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Jacobsen Cultivators


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#1 VintageIronCollector OFFLINE  

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Posted January 21, 2014 - 10:51 AM

I'm going to repaint this and restore it. Any suggestions what I should use throughout my process? I've never actually finished restoring an implement. I want to be sure to actually finish this one.

IMG_3045.JPG

 



#2 chris m ONLINE  

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Posted January 21, 2014 - 12:19 PM

To start things off soak all the hardware (bolts, nuts etc..) in BP Blaster or an equivalent.

 

The key to restoring anything is patience! If you have that you can master anything! :D

 

Next I would take plenty of pictures and or drawings of the piece being restored, this will help a lot in the event you have to shelve the project for a year or more! (Been there done that!).

 

Also if there are any items that need to be installed in a particular place or things that have adjustments (like threaded rods) take measurements before you take the pieces apart. I do this for factory labels also so I get the placement right.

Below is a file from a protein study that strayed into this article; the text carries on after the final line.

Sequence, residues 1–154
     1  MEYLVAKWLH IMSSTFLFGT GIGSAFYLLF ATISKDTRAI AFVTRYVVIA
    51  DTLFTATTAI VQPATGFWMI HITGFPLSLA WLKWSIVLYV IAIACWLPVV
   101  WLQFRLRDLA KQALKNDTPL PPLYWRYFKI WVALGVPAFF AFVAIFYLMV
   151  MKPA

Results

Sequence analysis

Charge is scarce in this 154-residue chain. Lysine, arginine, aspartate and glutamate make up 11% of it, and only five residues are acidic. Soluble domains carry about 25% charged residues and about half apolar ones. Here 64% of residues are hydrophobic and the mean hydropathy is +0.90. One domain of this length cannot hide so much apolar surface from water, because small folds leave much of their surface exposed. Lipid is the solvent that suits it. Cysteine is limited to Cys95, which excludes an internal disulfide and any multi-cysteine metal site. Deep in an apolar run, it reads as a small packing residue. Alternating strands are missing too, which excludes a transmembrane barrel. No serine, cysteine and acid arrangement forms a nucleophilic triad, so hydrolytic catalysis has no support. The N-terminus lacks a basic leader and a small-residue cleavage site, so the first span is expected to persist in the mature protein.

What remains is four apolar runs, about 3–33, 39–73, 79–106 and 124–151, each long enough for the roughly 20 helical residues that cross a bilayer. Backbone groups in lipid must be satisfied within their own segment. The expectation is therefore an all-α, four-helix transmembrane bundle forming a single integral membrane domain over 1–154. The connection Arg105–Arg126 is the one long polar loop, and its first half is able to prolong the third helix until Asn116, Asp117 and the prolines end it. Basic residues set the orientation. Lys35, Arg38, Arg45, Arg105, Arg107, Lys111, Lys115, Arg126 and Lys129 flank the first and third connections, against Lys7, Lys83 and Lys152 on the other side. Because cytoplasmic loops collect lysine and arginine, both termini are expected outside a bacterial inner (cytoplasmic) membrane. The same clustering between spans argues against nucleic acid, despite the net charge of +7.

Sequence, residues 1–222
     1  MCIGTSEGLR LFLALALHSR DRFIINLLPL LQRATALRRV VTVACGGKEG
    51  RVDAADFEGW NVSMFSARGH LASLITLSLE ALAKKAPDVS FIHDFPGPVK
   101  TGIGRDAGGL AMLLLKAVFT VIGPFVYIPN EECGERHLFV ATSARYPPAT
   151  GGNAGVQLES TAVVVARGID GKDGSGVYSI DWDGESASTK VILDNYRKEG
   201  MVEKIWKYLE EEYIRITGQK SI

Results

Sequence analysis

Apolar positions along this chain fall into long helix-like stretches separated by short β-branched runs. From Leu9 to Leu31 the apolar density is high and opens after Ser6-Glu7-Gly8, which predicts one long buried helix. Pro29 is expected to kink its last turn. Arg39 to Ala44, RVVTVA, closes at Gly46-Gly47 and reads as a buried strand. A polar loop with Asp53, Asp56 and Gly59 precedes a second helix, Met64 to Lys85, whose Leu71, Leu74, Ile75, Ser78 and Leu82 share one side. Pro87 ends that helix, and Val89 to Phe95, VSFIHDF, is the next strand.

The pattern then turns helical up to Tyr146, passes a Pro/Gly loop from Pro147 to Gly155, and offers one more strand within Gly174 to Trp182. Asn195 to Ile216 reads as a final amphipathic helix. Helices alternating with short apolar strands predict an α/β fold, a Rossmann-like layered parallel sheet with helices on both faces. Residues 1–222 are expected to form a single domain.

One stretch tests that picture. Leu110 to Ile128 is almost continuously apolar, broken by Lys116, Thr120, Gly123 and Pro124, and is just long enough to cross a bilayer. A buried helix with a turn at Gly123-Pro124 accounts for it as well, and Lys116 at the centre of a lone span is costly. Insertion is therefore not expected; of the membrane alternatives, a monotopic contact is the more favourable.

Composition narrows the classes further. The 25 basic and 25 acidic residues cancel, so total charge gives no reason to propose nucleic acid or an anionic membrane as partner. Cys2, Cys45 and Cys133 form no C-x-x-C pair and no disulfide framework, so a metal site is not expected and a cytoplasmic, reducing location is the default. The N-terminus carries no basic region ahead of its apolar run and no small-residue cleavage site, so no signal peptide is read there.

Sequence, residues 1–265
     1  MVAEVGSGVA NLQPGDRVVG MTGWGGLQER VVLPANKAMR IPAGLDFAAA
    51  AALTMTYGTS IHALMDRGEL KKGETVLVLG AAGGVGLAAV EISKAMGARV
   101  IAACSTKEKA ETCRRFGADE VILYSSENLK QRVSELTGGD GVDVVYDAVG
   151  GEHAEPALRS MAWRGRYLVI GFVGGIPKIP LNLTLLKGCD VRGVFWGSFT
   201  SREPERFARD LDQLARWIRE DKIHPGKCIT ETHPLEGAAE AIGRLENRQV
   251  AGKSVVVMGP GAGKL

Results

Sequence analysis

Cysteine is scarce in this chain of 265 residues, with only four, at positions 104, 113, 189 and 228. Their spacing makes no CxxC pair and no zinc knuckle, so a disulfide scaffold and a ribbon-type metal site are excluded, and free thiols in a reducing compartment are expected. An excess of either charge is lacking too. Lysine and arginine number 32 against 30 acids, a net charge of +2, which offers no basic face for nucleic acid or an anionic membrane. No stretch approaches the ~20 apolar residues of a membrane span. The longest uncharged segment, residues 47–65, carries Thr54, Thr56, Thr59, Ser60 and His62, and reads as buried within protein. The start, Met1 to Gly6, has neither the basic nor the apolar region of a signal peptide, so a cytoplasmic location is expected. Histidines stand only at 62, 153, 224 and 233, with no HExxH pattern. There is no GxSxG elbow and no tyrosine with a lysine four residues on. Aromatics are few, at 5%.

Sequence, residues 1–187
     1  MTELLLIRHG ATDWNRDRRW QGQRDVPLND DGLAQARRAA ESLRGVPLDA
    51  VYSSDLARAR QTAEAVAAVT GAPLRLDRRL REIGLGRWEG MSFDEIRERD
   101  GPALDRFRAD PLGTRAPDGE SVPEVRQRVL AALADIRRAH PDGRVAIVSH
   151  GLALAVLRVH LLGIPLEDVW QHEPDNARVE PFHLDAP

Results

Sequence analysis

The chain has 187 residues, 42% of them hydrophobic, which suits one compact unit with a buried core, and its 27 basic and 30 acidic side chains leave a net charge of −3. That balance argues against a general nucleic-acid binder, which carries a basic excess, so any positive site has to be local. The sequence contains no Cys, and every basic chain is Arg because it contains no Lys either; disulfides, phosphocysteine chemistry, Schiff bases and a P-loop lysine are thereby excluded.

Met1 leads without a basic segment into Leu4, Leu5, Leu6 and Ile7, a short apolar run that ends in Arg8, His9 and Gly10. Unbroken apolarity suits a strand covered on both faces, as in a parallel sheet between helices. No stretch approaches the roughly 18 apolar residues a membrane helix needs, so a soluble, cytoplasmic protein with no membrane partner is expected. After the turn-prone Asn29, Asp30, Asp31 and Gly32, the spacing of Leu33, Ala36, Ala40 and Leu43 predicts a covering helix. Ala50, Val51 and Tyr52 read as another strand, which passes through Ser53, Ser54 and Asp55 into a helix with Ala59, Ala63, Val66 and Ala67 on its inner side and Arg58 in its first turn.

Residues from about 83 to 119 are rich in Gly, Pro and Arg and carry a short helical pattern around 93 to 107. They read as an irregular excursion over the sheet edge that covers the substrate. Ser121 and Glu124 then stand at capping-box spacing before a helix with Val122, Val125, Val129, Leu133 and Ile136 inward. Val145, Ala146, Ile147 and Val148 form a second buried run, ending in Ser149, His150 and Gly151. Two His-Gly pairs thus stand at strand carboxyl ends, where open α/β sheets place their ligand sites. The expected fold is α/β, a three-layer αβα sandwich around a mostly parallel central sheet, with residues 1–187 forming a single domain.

Once you have it disassembled you can start stripping the pieces of rust and paint. The way you go about that depends on what you have available. If you don't have access to a sand blaster then you could tackle it with wire wheels, sand paper and what ever else you might have on hand. You could even build one of these   http://gardentractor...lectrolysis-r59

 

Just remember lots of pics and Patience :thumbs: :D Good luck!


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#3 Littledeere OFFLINE  

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Posted January 21, 2014 - 04:54 PM

Hey that's a early Brinly with the Jac hitch


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#4 KC9KAS OFFLINE  

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Posted January 21, 2014 - 05:33 PM

Disassemble it while taking photos.

Clean the parts in an E-tank, then paint & reassemble.

 

(E-tank explained)

Electrolysis